Ancient Greek Temples, the Parthenon and Its Art
Temples like the Parthenon, gracing the mighty Acropolis over-looking Athens, and the Temple of Concordia on Sicily — with their fluted columns, finely carved reliefs, and impressive design — trumpet the sophistication of ancient Greek society.
Complete Video Script
[89, Parthenon, Acropolis, Athens] By 500 BC, Athens was becoming the bustling center of a growing Greek-speaking world. The energetic Athenians built up their sacred hill — the Acropolis — turning it into the heart of their culture.
[90, Erechtheion Temple, Acropolis, Athens] They topped the Acropolis with glorious temples, statues, and monuments honoring the gods and celebrating their own achievements. This temple was famed for its caryatids: beautiful maidens functioning as columns — striking for their realism and relaxed poses.
[91, Parthenon, Acropolis, Athens] But the greatest temple was the Parthenon, dedicated to Athena, the patron of Athens. In its heyday, the temple was decorated with colorful painted sculpture. And inside stood a 40-foot-tall gold-and-ivory statue (this is a reproduction) of the goddess Athena. Dazzling in both beauty and power, both the statue and the temple had a huge impact on people.
 The temple is massive: 230 feet long and 100 feet wide, made from the finest white marble, and assembled here like a 70,000-piece jigsaw puzzle. Its 34-foot-tall columns are simple, yet elegant.
 The architects used clever if subtle optical illusions that added to the harmonious effect: The steps intentionally arc upward in the middle, to compensate for how a flat line appears to sag. The columns lean together just slightly, and bulge in the middle, as if absorbing the weight of the stone roof. Altogether, it's organic. Rather than static stone, it feels alive, with perfect proportions, as if heroically connecting with the gods. Subconsciously, it works — a 2,500-year-old architectural triumph.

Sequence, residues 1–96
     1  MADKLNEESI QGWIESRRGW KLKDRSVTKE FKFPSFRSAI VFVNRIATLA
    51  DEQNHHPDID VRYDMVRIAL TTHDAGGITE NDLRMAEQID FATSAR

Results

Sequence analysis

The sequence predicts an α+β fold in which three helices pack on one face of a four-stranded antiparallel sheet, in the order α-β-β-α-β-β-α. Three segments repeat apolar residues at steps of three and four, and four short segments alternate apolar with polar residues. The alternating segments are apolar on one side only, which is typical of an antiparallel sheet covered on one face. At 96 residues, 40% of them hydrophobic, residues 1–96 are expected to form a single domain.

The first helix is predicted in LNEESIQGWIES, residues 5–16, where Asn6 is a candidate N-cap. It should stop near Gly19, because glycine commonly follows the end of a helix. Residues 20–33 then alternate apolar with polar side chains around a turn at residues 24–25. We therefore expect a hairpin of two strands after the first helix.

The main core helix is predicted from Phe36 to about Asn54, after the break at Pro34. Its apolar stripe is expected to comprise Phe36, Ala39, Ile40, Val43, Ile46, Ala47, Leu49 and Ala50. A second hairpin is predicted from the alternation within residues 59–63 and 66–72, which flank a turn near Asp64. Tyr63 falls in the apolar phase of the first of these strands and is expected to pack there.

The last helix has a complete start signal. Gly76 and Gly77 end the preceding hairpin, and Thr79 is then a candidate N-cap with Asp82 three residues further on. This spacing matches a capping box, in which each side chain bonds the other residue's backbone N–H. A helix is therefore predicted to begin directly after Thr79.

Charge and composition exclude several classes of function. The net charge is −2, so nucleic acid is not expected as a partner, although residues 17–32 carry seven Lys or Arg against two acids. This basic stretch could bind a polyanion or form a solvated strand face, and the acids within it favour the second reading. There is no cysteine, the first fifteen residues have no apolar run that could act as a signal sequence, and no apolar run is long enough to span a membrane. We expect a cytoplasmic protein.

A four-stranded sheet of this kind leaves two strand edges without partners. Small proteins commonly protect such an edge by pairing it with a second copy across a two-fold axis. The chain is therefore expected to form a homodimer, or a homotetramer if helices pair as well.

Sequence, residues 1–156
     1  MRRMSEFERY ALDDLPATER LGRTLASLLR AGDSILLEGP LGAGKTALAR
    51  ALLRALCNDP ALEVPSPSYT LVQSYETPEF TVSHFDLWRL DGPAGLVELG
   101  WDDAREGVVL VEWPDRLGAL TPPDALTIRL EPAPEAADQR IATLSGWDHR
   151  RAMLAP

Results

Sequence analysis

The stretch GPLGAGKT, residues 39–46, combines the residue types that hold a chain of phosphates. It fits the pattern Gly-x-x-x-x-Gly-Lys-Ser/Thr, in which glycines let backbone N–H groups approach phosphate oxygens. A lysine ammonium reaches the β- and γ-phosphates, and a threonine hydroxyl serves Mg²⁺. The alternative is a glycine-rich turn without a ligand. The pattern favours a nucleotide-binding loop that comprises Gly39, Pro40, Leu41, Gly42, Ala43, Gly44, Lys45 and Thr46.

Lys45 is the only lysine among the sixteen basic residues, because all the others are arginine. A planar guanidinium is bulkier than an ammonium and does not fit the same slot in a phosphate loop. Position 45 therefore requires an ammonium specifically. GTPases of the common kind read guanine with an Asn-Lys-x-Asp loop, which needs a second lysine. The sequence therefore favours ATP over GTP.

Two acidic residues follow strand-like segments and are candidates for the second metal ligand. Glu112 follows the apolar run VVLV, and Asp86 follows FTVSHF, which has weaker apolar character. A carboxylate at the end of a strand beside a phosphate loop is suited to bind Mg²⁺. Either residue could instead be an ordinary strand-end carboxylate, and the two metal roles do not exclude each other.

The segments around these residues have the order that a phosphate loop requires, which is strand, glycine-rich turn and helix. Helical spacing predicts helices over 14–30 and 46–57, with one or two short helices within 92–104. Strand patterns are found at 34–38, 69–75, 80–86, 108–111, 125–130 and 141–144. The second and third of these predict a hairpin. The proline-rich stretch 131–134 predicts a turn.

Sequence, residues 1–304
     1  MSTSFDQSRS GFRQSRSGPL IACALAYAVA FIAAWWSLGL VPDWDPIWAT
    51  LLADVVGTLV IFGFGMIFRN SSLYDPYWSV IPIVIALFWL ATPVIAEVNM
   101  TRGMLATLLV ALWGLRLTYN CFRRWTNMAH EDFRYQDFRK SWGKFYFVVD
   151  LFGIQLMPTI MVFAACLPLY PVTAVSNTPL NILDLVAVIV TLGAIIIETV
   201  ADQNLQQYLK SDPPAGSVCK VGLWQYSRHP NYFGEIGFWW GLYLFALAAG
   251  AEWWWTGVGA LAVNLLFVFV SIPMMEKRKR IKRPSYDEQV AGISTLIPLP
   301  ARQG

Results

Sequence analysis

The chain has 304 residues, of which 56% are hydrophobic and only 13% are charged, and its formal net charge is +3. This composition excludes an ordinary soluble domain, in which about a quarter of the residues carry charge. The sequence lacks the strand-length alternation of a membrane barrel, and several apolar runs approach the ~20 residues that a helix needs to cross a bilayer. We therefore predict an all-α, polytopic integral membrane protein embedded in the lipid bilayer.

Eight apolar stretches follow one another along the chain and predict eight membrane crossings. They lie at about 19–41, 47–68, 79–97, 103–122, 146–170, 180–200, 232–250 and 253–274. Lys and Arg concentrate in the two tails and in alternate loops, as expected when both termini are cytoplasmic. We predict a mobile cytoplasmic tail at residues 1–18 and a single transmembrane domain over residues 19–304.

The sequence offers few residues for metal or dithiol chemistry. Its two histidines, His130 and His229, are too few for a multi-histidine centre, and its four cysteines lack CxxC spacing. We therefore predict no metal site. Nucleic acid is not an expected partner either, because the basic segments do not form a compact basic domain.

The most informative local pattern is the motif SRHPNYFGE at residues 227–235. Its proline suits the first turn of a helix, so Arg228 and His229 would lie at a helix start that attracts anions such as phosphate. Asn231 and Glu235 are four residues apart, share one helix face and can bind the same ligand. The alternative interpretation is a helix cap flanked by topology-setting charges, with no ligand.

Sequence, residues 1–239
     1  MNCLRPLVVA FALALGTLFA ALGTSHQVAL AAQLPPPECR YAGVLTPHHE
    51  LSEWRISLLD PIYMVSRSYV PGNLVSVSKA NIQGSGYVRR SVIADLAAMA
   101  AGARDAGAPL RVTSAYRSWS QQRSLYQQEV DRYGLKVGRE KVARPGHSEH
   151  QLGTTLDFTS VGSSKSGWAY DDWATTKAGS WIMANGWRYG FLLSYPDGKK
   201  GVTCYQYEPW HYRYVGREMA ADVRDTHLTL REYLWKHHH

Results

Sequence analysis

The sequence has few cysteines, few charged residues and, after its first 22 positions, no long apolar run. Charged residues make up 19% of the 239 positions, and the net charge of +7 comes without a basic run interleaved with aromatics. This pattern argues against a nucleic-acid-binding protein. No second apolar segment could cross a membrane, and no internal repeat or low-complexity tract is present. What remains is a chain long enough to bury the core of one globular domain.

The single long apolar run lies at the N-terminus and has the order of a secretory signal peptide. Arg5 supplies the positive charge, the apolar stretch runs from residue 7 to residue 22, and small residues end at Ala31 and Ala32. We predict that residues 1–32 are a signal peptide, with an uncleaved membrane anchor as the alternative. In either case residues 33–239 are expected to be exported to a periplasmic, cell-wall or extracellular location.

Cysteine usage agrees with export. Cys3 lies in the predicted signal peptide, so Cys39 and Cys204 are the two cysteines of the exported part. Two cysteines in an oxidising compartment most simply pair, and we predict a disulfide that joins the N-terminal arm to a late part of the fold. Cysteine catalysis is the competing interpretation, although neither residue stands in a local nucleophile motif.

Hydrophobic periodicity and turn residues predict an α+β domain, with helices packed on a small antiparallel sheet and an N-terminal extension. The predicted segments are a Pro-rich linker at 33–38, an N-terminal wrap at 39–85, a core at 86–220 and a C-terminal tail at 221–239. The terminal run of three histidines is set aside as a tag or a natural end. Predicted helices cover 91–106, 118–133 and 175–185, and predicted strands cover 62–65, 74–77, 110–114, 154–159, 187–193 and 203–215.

The typical Greek temple is circled by decorative panels, carved reliefs called "metopes." The building inside the columns is called the "cella" — which itself is often decorated by a ring of carved reliefs called a "frieze." And remember, it wasn't just bare white marble. It was full of color. This reconstruction shows how a temple's triangular pediments were filled with statues — originally brightly painted — which told the mythological story of that place of worship.
 The Parthenon was decorated with over a hundred such reliefs and statues. The best, taken in the early 19th century by the English, are now in the British Museum in London.
 By the way, much of the most prized art from places like Greece, the Middle East, and Egypt is now in the big museums of powerful countries like Britain, France, and Germany. It's often booty from military campaigns and plunder from archeological digs. That's why travelers to western Europe find themselves enjoying a bounty of ancient art from distant lands.
[97, Parthenon Sculptures (formerly Elgin Marbles), British Museum, London] The Parthenon's 500-foot-long frieze portrays a festive annual parade up to the Acropolis.
 The realism is impressive; the anatomy correct: the men's muscles, the horses' bulging veins, and the sense of movement and energy of the procession.
 This pediment was decorated with the legend of the birth of Athena. The gods are lounging at a banquet, when suddenly there's a stir and they all turn to watch as Athena arrives. From the relaxed poses to the women's pleated robes, to the dramatic gestures and awe-struck horses — the realism is stunning.
 These carved panels or "metopes," showed the legendary battle between enlightened Greeks and brutish centaurs. It's a free-for-all of hair-pulling, throat-grabbing, and head-wrenching. Ultimately, the Greeks got the upper hand, a metaphor for civilized Athens rising above its barbarian neighbors.
 The Greeks prided themselves on creating order out of chaos, and the Parthenon — with its classic Greek proportions, dramatic statues, and elegant reliefs — represents the struggle and ultimate triumph of rational thought — of order over chaos.
[102, Temple of Concordia, c. 435 BC, Agrigento, Sicily] As the Greek culture spread, temples like these were built all over the ancient Mediterranean world. This Doric temple, in Sicily, shows the predictable layout: The temple normally faced east, it was ringed by columns made of real marble or stuccoed to look that way, it sits on a raised base with steps. The inner room, or "cella," was reserved for priests and gods. Regular worshippers gathered outside.